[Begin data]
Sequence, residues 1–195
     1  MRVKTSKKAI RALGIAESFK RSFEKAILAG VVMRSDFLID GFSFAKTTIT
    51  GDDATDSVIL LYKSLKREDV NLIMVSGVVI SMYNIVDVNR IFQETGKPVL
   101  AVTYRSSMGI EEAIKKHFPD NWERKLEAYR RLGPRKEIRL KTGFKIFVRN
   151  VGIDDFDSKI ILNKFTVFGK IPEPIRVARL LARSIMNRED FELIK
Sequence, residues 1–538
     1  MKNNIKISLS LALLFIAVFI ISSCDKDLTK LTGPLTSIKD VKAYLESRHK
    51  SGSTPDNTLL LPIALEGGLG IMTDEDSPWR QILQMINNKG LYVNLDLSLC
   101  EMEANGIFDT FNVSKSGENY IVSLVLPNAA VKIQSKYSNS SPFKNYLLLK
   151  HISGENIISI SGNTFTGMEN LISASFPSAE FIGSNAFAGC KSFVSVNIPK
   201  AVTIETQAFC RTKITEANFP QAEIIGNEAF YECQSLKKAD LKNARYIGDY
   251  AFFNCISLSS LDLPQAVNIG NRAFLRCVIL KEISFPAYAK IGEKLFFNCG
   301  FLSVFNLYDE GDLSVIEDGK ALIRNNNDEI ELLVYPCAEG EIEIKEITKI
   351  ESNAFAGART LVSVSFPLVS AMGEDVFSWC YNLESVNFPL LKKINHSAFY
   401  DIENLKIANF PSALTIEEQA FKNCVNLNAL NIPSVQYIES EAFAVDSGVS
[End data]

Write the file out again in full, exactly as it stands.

Sequence, residues 1–195
     1  MRVKTSKKAI RALGIAESFK RSFEKAILAG VVMRSDFLID GFSFAKTTIT
    51  GDDATDSVIL LYKSLKREDV NLIMVSGVVI SMYNIVDVNR IFQETGKPVL
   101  AVTYRSSMGI EEAIKKHFPD NWERKLEAYR RLGPRKEIRL KTGFKIFVRN
   151  VGIDDFDSKI ILNKFTVFGK IPEPIRVARL LARSIMNRED FELIK
Sequence, residues 1–538
     1  MKNNIKISLS LALLFIAVFI ISSCDKDLTK LTGPLTSIKD VKAYLESRHK
    51  SGSTPDNTLL LPIALEGGLG IMTDEDSPWR QILQMINNKG LYVNLDLSLC
   101  EMEANGIFDT FNVSKSGENY IVSLVLPNAA VKIQSKYSNS SPFKNYLLLK
   151  HISGENIISI SGNTFTGMEN LISASFPSAE FIGSNAFAGC KSFVSVNIPK
   201  AVTIETQAFC RTKITEANFP QAEIIGNEAF YECQSLKKAD LKNARYIGDY
   251  AFFNCISLSS LDLPQAVNIG NRAFLRCVIL KEISFPAYAK IGEKLFFNCG
   301  FLSVFNLYDE GDLSVIEDGK ALIRNNNDEI ELLVYPCAEG EIEIKEITKI
   351  ESNAFAGART LVSVSFPLVS AMGEDVFSWC YNLESVNFPL LKKINHSAFY
   401  DIENLKIANF PSALTIEEQA FKNCVNLNAL NIPSVQYIES EAFAVDSGVS